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Enhanced Vascularization and Survival of Neural Transplants With Ex Vivo Angiogenic Gene Transfer

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Restoration of brain function by neural transplants is largely dependent upon the survival of donor neurons. Unfortunately, in both rodent models and human patients with Parkinson’s disease the survival rate of transplanted neurons has been poor. We have employed a strategy to increase the availability of nutrients to the transplant by increasing the rate at which blood vessels are formed. Replication-deficient HSV-1 vectors containing the cDNA for human vascular endothelial growth factor (HSVhvegf) and the bacterial β-galactosidase gene (HSVlac) have been transduced in parallel into nonadherent neuronal aggregate cultures made of cells from embryonic day 15 rat mesencephalon. Gene expression from HSVlac was confirmed in fixed preparations by staining with X-gal. VEGF expression as determined by sandwich ELISA assay of culture supernatant was up to 322-fold higher in HSVhvegf-infected than HSVlac-infected sister cultures. This peptide was also biologically active, inducing endothelial cell proliferation in vitro. Adult Sprague-Dawley rats received bilateral transplants into the striatum, with HSVlac on one side and HSVhvegf on the other. At defined intervals up to 8 weeks, animals were sacrificed and vibratome sections of the striatum were assessed for various parameters of cell survival and vascularization. Results demonstrate dose-dependent increases in blood vessel density within transplants transduced with HSVhvegf. These transplants were vascularized at a faster rate up to 4 weeks after transplantation. After 8 weeks, the average size of the HSVhvegf-infected transplants was twice that of controls. In particular, the survival of transplanted dopaminergic neurons increased 3.9-fold. Taken together these experiments provide convincing evidence that the rate of vascularization may be a major determinant of neuronal survival that can be manipulated by VEGF gene transduction.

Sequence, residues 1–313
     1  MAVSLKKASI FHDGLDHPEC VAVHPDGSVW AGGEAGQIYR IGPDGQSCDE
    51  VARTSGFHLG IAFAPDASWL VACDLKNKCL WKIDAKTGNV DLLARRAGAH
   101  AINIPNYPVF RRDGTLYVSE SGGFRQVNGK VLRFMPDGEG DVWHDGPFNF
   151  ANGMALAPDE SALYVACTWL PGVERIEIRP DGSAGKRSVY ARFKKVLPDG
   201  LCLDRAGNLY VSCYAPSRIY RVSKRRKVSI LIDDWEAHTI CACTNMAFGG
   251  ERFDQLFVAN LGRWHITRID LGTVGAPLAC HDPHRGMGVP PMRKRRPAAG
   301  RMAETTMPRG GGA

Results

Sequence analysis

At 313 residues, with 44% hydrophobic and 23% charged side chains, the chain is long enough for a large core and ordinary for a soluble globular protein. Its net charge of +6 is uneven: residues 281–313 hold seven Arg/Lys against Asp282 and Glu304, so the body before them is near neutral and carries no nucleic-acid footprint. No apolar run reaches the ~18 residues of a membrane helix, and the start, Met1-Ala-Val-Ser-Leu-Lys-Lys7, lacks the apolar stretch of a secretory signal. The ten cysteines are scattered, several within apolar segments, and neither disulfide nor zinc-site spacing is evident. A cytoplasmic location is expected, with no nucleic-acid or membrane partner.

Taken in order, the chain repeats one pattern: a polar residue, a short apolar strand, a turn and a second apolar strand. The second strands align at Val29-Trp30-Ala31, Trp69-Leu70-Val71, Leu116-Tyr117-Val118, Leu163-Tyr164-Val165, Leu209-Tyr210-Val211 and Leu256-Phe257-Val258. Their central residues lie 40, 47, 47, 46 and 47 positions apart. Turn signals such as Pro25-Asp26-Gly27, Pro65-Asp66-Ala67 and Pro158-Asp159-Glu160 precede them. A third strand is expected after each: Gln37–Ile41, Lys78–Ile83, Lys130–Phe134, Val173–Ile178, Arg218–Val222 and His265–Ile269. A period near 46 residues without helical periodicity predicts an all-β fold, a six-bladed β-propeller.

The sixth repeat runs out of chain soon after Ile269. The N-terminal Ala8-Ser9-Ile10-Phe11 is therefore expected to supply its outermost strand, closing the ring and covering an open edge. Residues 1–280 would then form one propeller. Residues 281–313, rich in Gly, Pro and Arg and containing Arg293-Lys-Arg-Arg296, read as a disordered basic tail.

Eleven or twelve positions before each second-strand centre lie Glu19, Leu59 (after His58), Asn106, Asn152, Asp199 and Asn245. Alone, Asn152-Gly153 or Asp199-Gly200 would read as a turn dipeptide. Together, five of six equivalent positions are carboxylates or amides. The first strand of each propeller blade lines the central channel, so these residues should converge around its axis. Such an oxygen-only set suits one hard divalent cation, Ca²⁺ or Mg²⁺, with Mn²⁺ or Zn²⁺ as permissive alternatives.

Keywords: Dopaminergic neurons; Vascularization; Ex vivo gene therapy; Key words: Angiogenesis; Neural transplantation; Parkinson's disease

Document Type: Research Article


Affiliations: 1: *Department of Neurological Surgery, Montefiore Medical Center and the Albert Einstein College of Medicine, Bronx, NY 2: †Department of Medicine, Montefiore Medical Center and the Albert Einstein College of Medicine, Bronx, NY 3: ‡Department of Neurology, University of Rochester, School of Medicine and Dentistry, Rochester, NY

Publication date: April 1, 2002

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  • Cell Transplantation publishes original, peer-reviewed research and review articles on the subject of cell transplantation and its application to human diseases. To ensure high-quality contributions from all areas of transplantation, separate section editors and editorial boards have been established. Articles deal with a wide range of topics including physiological, medical, preclinical, tissue engineering, and device-oriented aspects of transplantation of nervous system, endocrine, growth factor-secreting, bone marrow, epithelial, endothelial, and genetically engineered cells, among others. Basic clinical studies and immunological research papers are also featured. To provide complete coverage of this revolutionary field, Cell Transplantation will report on relevant technological advances, and ethical and regulatory considerations of cell transplants. Cell Transplantation is now an Open Access journal starting with volume 18 in 2009, and therefore there will be an inexpensive publication charge, which is dependent on the number of pages, in addition to the charge for color figures. This will allow work to be disseminated to a wider audience and also entitle the corresponding author to a free PDF, as well as prepublication of an unedited version of the manuscript.

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